Multigenic Dissection of Nonsyndromic Oral Clefts

Funder(s): NIH/National Institute of Dental and Craniofacial Research

Cleft lip and/or cleft palate are among the most common birth defects and have serious physical, psychological, and financial consequences for those affected. Nevertheless, little is known about the causes of these anomalies because clefts are the result of genetic and environmental risk factors, rather than a single factor. This research has the potential to make a unique contribution to our understanding of clefts, as it employs novel analytical approaches that allow the simultaneous examination of many potential risk factors.

Using DNA from mothers and infants enrolled in a large-scale birth defects surveillance study, Dr. Badovinac-Ramoni is investigating the multigenic origins of nonsyndromic oral clefts (NOC) using a novel application of Bayesian networks, a proven analytical approach. First, she will identify and validate the most probable network linking the phenotype of isolated NOC to the candidate maternal and subject single nucleotide polymorphisms and environmental exposures among the majority race/ethnicity.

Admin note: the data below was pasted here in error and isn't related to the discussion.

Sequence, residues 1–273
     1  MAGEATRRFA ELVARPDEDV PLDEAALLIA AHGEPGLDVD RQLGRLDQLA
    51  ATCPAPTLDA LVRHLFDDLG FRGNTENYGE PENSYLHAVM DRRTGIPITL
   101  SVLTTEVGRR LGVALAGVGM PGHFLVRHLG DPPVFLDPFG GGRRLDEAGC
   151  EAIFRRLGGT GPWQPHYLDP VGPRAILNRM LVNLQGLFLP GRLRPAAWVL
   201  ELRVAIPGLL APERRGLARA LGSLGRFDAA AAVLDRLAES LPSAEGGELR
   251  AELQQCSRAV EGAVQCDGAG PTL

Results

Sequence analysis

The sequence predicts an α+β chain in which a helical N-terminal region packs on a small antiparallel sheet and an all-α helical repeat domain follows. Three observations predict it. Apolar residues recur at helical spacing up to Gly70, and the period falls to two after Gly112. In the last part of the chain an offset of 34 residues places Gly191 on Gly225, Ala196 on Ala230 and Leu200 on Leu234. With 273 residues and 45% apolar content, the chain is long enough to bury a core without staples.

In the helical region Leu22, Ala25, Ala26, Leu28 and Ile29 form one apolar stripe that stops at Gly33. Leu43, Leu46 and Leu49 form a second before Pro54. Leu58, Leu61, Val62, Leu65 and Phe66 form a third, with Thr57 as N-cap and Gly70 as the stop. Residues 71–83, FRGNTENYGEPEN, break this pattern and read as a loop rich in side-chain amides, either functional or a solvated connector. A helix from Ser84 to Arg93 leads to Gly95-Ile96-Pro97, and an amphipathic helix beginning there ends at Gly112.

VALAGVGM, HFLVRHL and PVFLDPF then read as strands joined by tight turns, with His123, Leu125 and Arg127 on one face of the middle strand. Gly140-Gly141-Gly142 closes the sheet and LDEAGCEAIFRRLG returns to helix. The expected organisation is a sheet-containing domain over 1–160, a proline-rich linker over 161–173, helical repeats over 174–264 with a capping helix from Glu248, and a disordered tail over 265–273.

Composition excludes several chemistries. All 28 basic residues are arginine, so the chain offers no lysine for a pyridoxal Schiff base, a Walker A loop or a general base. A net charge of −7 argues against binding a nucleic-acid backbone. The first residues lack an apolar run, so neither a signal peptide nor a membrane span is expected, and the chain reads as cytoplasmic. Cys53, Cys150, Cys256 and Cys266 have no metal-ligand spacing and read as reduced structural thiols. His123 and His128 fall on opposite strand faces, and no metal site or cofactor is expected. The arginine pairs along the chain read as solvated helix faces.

Second, Dr. Badovinac-Ramoni will validate two approaches to phenotyping nonisolated NOC. Finally, she will determine whether the model(s) generated in the first two analyses can be generalized to minority race/ethnicity groups. As the first investigation to concurrently consider the candidate environmental exposures and SNPs in several candidate genes previously associated with NOC in association studies, this work has the potential to move the study of NOC dramatically forward.